Precision oncology has made significant progress in identifying actionable aberrations in tumors and matching them to specific therapies, resulting in improved patient outcomes. However, as not all patients respond, it remains a challenge to select patients to benefit from genetically matched therapies. Organoids, stem cell-based three-dimensional cell cultures from patients, can be used to predict drug responses.
Researchers from the department of medical oncology and experimental urology recently published an example of this approach in Oral Oncology. Organoids from a patient with a rare form of salivary gland cancer driven by a specific ETV6-NTRK3 gene fusion were cultured and subjected to a specific TRK signaling inhibitor, larotrectinib. The patient who also received this drug responded very well to this treatment, as the macroscopic metastasis rapidly disappeared.
Unfortunately, the organoids did not respond to larotrectinib. Although genomic mimicry was evident in pre-larotrectinib organoids, transcriptomic and phenotypic divergence was observed. For example, despite the presence of the ETV6-NTRK3 transcript, the organoids did not express TRK proteins. We could find no evidence that contamination of tumor tissue with benign cells could explain the discrepant tumor and organoid phenotypes. Another explanation could be that growth factors in the organoid culture medium influence the phenotype of the organoids. Such factors may induce survival pathways that bypass the need for NTRK signaling, thereby possibly explaining the lack of larotrectinib sensitivity.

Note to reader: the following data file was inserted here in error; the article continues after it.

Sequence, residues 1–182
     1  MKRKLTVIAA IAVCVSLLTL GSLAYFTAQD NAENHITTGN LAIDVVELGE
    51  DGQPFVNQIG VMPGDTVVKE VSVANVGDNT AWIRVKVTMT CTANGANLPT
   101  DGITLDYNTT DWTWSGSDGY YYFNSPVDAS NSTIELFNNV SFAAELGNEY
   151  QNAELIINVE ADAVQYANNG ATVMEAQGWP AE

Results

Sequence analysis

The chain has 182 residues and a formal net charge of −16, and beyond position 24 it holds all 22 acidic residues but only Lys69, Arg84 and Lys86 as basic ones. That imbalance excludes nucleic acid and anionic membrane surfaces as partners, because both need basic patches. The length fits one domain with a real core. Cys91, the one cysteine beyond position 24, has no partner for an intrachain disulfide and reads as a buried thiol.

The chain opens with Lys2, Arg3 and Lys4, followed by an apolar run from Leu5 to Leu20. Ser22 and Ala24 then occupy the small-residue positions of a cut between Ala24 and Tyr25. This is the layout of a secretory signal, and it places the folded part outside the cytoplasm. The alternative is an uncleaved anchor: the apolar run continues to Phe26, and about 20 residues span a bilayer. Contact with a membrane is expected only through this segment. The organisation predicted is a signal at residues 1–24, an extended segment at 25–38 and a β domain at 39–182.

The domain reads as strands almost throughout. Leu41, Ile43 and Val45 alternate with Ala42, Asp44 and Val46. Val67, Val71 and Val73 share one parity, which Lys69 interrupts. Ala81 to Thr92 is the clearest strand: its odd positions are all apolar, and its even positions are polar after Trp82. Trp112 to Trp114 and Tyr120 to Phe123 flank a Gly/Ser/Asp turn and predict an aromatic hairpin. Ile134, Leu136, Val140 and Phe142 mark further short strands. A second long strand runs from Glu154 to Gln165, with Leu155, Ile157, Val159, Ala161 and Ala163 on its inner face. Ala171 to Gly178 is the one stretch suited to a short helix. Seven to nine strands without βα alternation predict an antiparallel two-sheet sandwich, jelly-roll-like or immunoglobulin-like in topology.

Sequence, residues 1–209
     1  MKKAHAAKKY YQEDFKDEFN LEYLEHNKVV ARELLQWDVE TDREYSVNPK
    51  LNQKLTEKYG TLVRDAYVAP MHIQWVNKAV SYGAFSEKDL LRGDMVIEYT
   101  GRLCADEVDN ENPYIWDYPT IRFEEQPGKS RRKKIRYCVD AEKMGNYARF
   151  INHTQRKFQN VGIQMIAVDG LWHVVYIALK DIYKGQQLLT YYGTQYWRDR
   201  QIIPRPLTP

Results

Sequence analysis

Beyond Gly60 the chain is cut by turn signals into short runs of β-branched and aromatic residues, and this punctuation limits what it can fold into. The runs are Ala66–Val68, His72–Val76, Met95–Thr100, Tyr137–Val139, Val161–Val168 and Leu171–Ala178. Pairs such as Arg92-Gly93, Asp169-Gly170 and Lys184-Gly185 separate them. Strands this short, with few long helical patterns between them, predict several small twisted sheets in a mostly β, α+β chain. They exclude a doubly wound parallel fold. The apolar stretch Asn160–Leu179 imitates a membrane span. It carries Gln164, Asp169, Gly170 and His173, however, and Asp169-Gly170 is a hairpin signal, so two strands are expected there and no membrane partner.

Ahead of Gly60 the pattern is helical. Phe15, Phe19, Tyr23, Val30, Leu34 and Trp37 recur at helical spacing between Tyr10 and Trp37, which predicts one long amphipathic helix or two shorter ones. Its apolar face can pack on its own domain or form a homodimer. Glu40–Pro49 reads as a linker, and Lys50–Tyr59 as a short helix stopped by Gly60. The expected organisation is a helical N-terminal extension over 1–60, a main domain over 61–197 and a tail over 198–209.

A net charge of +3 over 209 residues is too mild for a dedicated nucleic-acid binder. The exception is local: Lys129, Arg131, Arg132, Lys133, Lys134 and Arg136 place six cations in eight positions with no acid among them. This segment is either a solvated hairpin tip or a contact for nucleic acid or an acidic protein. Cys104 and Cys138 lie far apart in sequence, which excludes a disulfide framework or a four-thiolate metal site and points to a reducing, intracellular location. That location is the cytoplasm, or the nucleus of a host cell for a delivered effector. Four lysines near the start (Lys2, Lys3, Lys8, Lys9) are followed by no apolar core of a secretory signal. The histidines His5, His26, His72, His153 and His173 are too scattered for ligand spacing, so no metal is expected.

This study emphasizes the importance of thorough characterization of organoids and organoid culture conditions before extrapolating in vitro drug reactions to possible clinical responses.
Lassche G, van Engen-van Grunsven ACH, van Hooij O, Aalders TW, Am Weijers J, Cocco E, et al. Precision oncology using organoids of a secretory carcinoma of the salivary gland treated with TRK-inhibitors. Oral Oncol. 2023;137:106297.
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